In the light of the newly published experiment for a networked book at http://networkedbook.org, a few thoughts about the word “networked” and a possible (re)definition of networked in a networked culture.
The idea of a networked book on networked art “proposes,” the editors Jo-Anne Green and Helen Thorington say, “that a history or critique of interactive and/or participatory art must itself be interactive and/or participatory; that the technologies used to create a work suggest new forms a “book” might take.” The new technology is a WordPress blog that collects a select number of articles. So, we have a number of Word[Press] documents/posts collected into a networked book/blog. It may be a new technology, skinned, themed and customized, but in what way does it differ from a print edition of those Word documents? And, in what way is it networked?
Both questions find their answer in the CommentPress plug-in (now renamed to digress.it) from if:book, a project by The Institute for the Future of the Book and one of the sponsors of the networked project. The CommentPress plug-in allows for granular commenting at the paragraph level. These comments are appended to the body of the text and may later be worked into it, if the article writer so wishes. The hierarchy between author/reader, then, is maintained in the kind of networked writing we witness here. As Bob Stein from if:book says: “discourse in a dynamic network doesn’t erase the distinction between authors and readers, but it significantly flattens the traditional perceived hierarchy.” I’ll take Bob Stein’s word for that as he continues that the author of a networked book be
a leader of a group effort, similar in many respects to the role of a professor in a seminar. The professor has presumably set the topic and likely knows more about it than the other participants, but her role is to lead the group in a combined effort to synthesize and extend knowledge.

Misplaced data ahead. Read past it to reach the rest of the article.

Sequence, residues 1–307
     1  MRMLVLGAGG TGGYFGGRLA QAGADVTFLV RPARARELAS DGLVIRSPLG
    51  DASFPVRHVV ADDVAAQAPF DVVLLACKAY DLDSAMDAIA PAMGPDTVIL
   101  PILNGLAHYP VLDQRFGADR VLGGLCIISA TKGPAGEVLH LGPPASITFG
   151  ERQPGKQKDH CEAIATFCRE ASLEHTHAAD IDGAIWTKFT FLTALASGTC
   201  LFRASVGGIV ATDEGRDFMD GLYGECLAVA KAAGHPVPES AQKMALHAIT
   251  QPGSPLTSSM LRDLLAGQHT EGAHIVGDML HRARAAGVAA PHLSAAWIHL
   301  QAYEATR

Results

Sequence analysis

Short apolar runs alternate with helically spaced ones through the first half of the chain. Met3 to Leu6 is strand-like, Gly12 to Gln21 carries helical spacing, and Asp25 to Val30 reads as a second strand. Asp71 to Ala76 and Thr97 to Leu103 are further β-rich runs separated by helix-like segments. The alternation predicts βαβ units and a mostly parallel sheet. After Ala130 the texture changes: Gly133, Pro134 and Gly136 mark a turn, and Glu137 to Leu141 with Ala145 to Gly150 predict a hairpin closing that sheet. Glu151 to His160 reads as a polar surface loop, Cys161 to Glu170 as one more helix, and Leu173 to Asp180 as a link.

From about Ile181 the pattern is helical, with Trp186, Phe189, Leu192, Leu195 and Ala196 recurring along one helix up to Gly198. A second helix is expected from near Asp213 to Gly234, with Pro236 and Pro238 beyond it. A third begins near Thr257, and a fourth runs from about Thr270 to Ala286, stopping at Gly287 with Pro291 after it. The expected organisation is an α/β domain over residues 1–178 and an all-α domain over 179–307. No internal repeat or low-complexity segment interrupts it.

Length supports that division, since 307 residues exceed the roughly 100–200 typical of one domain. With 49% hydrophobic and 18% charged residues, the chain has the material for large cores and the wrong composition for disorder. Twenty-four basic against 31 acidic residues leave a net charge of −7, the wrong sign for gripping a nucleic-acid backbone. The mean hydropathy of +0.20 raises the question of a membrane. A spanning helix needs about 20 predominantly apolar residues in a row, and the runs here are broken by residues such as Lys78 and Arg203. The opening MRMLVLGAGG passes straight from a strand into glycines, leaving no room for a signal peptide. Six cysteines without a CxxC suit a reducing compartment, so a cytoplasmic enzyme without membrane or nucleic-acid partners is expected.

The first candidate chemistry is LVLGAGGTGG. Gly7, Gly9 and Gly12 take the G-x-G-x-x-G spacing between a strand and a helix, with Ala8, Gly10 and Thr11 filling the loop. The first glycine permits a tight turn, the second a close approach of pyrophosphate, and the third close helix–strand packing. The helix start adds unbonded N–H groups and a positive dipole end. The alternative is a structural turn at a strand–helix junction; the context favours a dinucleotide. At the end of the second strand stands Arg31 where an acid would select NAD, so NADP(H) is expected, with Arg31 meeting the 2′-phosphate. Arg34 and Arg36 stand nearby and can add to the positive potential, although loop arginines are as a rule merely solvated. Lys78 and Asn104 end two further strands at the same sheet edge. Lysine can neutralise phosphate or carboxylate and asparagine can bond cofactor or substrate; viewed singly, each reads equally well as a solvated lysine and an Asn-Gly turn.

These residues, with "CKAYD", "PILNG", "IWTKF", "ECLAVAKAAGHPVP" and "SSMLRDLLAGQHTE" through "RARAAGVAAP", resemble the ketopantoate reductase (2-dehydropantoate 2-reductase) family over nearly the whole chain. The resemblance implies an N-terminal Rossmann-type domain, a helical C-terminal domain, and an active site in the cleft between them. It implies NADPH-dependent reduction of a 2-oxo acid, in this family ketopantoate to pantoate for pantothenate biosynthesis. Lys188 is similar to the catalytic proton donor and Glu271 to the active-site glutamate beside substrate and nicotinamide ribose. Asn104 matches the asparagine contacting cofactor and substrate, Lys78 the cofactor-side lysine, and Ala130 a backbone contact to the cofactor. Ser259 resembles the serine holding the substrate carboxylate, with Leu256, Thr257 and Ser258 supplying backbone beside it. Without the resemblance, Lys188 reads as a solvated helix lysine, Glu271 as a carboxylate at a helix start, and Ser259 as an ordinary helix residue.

Oops! Back to the classroom. While networked in my understanding takes place on an equal footing where different kinds of knowledge and skills interact and sustain the networked project in question, there is one point in Stein’s argument that deserves attention - the role of the professor is not only to be a leader but to provide continuity and, in the classroom, the object of study provides a common goal and thus, once again, continuity. Continuity and aim seems to be the glue that keeps the networked project together. In short, it needs a common ground.
After the event of Barthes, who took the unconscious for his teaching/writing/reading model; a strategy that aimed at allowing the necessary space for other bodies and plurality of voices, Stein’s classroom model is a huge step backwards. So, let’s return to Barthes and pick up the thread of the unconscious as a teaching/writing/reading model.
The unconscous is an open-ended [and thus networked] system where there is no definite positionality, that is, the unconscious is never in its place. It’s fragmentary, distributed, discursive, entangled in knots (with others, with texts, with culture and so on), always already networked in other words, long before networked culture came along.
What if the term networked is redefined, if it denotes the unconscious instead of the social? What happens if we take the unconscious as a networked model in a networked, digital culture where we have RSS aggregators, migrating data streams, bookmarking and services such as diigo that allows for collecting pdfs, articles, blogs, art, pics, video, annotating, collaborating, sharing and so on? What if we create our own networked collection of hypertextual fragments in a social context, individually or in a group, where we are at once readers/editors/authors? Maybe, the possibility of individual open-ended ‘books’ with different voices constantly changing, evolving, ‘books’ that do not make up a unified whole.